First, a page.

And then there is the downright dirty left-wing indoctrination. Politically progressive messaging is rampant on social media. This content is then regurgitated in the classroom where those who disagree are inadvertently ‘out-stared’ by their indoctrinated peers.

Labor MP’s form a small group of left-wing political users on social media that are using their exposure to further influence young people’s political standpoints. It’s much easier for Daniel Andrews to relate with a sixteen-year-old by poking fun at other politicians than to ethically connect with them on policy grounds.

It goes further than this.

Instagram and Facebook are major culprits when it comes to silencing conservative users. Whether it be through ‘fact-checking’, putting warnings on messages, or threatening to disable accounts – the result is an imbalance between political content online. It happens to me all the time, even in private messages. Social media monitors and manipulates everything published on their platforms.

And our education sector fails to inform students on how to navigate this new kind of medium. Left-wing sympathising teachers, who would love nothing more than conservative students to be shut down and shunned, make no attempt to alert children to the problem.

I didn’t realise how far the tentacles had reached until the eleven-year-old in that group of kids told me how she slammed a male peer for commenting on something she was wearing because she could ‘rock both genders’ and he couldn’t.

What?

At that age I would not have had the slightest clue what she was talking about. By listening to children, you can tell how successfully marketed these heavily manufactured phrases have been. They are not organically concocted out of some kind of ‘gender enlightened’ pre-teen.

Our poor youth have no idea what they are regurgitating or the implications of repeating this nonsense. They have no idea they are contributing to a much larger societal issue and powerful political movements.

I believe this is the beginning of the end for Gen Z. It’s obvious education has proved to be a fragile institution, heavily moulded to the hands of extremist progressive ideology. This historical degradation has been occurring for decades. Now we are at a tipping point. How are our youth going to establish a viewpoint on contentious issues if their only source of information comes from a few random ‘users’ spouting factually unsubstantiated spin?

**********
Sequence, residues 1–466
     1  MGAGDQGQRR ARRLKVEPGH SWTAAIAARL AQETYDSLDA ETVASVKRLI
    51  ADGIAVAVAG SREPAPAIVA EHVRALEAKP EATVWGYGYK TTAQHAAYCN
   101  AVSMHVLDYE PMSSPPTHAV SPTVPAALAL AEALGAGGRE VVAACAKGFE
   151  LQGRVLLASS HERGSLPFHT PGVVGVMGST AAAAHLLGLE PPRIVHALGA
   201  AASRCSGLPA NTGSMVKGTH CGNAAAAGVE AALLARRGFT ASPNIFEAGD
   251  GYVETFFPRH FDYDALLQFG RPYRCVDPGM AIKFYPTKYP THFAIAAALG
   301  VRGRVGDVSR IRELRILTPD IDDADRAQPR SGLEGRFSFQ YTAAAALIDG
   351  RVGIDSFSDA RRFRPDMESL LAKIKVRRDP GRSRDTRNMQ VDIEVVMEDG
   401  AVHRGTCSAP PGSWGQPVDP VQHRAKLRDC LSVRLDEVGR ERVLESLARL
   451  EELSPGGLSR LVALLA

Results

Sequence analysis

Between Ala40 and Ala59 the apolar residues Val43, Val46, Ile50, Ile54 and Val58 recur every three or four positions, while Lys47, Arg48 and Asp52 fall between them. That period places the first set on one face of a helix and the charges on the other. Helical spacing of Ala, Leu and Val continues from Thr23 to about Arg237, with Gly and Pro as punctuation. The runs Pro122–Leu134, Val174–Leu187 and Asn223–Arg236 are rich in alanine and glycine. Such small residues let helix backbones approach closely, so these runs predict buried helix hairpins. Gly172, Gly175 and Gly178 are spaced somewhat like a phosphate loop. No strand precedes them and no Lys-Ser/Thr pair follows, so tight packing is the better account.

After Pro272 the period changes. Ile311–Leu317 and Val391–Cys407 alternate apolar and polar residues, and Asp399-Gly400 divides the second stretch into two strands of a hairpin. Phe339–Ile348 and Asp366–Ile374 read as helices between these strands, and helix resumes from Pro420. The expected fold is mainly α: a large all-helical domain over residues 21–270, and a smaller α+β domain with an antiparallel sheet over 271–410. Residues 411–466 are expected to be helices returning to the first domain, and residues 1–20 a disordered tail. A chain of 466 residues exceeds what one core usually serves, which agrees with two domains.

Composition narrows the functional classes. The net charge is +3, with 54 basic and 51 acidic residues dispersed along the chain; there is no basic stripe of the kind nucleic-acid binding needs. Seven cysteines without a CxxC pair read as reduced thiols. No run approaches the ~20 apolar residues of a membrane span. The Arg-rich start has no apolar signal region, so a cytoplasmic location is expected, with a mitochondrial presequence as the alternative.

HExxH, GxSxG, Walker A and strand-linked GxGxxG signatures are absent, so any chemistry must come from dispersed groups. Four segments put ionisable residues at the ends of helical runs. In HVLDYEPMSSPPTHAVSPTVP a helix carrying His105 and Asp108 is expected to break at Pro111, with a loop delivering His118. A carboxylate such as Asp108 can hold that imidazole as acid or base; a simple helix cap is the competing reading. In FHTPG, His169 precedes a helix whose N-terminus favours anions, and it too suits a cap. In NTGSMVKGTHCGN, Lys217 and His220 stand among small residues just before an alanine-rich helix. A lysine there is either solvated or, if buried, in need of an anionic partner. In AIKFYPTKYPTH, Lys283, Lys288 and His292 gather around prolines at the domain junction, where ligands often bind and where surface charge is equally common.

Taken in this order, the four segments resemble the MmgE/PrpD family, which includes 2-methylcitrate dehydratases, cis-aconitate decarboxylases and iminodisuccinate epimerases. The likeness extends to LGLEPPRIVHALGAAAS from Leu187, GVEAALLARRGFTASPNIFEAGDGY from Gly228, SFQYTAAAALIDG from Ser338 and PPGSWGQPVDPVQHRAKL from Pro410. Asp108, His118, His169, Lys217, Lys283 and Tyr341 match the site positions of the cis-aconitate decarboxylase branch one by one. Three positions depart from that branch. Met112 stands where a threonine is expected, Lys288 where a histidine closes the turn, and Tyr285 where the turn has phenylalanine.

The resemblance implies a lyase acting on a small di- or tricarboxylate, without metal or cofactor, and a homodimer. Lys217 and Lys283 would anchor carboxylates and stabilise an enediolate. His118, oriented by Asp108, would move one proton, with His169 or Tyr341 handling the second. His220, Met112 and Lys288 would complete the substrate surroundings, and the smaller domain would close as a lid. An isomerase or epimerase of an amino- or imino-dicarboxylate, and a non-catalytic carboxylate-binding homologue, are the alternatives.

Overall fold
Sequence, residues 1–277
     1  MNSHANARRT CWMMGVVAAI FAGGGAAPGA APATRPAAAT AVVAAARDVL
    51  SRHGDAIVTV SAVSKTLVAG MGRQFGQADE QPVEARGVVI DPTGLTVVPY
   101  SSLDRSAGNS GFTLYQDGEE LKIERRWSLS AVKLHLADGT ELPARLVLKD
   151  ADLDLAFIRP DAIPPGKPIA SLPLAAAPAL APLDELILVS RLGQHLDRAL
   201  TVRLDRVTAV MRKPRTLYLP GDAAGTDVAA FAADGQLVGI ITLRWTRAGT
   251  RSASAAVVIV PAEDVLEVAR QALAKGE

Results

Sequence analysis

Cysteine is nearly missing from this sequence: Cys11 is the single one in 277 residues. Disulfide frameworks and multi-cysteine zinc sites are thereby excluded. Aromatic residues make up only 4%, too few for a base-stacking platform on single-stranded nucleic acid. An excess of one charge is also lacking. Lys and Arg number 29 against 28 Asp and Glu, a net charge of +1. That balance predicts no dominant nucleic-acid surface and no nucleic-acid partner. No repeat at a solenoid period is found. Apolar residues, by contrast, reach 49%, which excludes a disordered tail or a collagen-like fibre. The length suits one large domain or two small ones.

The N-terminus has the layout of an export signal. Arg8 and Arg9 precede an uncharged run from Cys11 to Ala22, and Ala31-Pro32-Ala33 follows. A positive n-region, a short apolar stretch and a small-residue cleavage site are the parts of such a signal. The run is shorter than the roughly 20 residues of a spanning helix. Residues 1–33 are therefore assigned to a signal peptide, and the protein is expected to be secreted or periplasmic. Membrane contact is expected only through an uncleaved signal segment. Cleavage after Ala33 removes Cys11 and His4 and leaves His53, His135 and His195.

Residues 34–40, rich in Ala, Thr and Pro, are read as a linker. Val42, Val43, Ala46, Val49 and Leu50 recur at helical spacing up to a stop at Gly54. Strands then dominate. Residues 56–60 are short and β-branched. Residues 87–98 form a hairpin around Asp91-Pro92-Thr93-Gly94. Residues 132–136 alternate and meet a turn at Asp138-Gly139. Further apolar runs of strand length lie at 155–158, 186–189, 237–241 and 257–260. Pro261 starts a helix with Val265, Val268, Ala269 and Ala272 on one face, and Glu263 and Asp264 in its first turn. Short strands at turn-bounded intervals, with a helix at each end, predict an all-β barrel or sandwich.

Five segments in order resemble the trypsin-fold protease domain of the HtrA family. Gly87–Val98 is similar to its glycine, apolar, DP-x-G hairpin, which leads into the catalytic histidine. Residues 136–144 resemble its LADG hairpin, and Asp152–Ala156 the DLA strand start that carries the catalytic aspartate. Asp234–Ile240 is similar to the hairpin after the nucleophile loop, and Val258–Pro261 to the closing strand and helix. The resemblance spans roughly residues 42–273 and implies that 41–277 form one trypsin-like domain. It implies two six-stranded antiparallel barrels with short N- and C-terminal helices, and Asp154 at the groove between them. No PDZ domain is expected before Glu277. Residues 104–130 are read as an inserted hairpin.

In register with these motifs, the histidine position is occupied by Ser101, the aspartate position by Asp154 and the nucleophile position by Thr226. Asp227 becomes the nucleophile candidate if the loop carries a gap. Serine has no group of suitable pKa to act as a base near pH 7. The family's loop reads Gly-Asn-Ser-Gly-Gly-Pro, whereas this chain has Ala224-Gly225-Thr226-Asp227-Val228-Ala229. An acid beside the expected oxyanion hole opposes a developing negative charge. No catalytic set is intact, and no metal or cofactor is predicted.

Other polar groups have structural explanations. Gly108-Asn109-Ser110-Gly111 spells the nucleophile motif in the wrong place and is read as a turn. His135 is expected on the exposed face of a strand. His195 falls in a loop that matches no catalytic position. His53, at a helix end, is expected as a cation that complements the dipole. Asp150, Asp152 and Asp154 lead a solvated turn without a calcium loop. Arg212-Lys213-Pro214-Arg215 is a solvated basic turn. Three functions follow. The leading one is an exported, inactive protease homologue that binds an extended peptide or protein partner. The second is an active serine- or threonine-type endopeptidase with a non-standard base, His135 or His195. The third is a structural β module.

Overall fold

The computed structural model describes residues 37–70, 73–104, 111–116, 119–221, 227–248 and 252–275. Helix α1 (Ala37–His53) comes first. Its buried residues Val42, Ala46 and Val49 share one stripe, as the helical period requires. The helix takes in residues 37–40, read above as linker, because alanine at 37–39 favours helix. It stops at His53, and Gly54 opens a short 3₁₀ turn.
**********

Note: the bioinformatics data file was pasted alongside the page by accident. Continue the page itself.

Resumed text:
What many often forget is that these young people are the ones that are going to be at the ballot box this year. And after two years in isolation, I certainly do not want some green-haired, progressive Gen Z, Covid-worrier entering the ballot box to worship Dictator Dan (their saviour) and reimpose lockdowns (for their emotional ‘protection’).

In my own belief, rehabilitating my generation from prolonged exposure to damaging social media content is long gone. Instead, we have to focus on the next generation of young people. They must be our priority.

Adults need to understand that social media’s culture has changed from keeping family and friends close together through ‘updates’ and sharing photos, into the politically intense world of woke extremism and political recruitment.

It’s all about cash and clicks.

We can’t rely on external forces, and certainly not social media companies, to take action against the kind of detrimental content being exposed to our youth. Parents need to take the reins on this one. Scheduling ‘social-media free’ hours or days gives kids time to unplug and reconnect with reality. I do this myself as it allows me to get things done and prioritise what matters to me.

But most importantly, parents need to educate their children on how to manage usage social media and understand that most things they will witness are fake or untrue.

It’s too late for the Millennials, but parents can save Gen Z from making the same mistakes we have.